Phil Spector has worked with some of the biggest names in music
A murder retrial for music producer Phil Spector can go ahead in October despite defence attempts to stop it, an appeals court in California has ruled.
The court rejected a call for a stay of the trial so the defence could appeal on the grounds of double jeopardy.
Also dismissed was an assurance that prosecutors would not ask jurors to convict Spector of lesser offences.
Mr Spector is charged with killing actress Lana Clarkson. The jury in the first trial failed to reach a verdict.
The trial collapsed at the end of September 2007 after 12 days of deliberation.
A decision on a second trial has taken until now due to the commitments of the last member of his legal team.
Christopher Plourd has been involved in two death penalty cases.
Most of Mr Spector's legal team resigned or were dispensed with after the mistrial was declared, with only Mr Plourd remaining in place.
The music producer, 68, denies murdering actress Lana Clarkson at his Los Angeles mansion.
The actress was found with a gunshot wound in her mouth after a night out. During the four-month trial, defence lawyers argued it was suicide.
Mr Spector, 68, was charged with second degree murder. It falls between first degree murder - which requires proof of pre-meditation - and manslaughter.
Ms Clarkson, 40, had been working as a hostess at the House of Blues venue in Los Angeles, where she met Mr Spector on the night of her death.
The actress accompanied the producer to his mansion in the early hours of the morning but was later found in his foyer.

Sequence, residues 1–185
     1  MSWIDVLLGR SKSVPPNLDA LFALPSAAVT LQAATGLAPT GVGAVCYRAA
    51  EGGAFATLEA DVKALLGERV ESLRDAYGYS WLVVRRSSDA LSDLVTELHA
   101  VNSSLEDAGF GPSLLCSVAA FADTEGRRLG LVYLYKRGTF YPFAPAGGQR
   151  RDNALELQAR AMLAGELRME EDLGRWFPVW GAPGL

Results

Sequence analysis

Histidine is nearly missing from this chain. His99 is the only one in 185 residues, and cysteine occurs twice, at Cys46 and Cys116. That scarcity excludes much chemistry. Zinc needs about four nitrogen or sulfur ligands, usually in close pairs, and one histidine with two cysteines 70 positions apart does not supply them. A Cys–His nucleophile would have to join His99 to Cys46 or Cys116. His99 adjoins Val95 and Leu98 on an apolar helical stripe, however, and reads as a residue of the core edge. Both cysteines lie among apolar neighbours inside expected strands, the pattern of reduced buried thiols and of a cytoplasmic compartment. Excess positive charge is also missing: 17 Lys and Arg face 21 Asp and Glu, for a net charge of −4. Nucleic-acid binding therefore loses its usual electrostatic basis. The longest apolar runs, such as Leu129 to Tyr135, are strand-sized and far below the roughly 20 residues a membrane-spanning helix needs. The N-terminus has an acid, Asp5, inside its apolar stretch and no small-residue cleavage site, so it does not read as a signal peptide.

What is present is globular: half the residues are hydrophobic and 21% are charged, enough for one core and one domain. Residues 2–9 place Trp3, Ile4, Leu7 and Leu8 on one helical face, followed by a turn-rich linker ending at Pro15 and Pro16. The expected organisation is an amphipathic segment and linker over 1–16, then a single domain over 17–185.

Lana Clarkson was said to have been depressed about her career
A holster matching the snub-nosed Colt Cobra revolver that killed Ms Clarkson was found in a drawer in the foyer.
Ms Clarkson had been working at the nightclub after struggling to find acting roles, and the trial had heard how she was despondent about her career in the months before her death.
One of the crucial questions was whether the forensic evidence proved Mr Spector was close enough to the victim to have been able to shoot her in the mouth.
Mr Spector's lawyer Linda Kenney-Baden told jurors the absence of gunshot residue and blood from his sleeves showed he had not fired the fatal shot.
The producer never took to the stand but told Esquire magazine in 2003 that Ms Clarkson had committed suicide and he had "no idea why".
Mr Spector has worked with some of the biggest names in the music business, including The Beatles, and is famous for pioneering the "Wall of Sound" recording technique in the 1960s.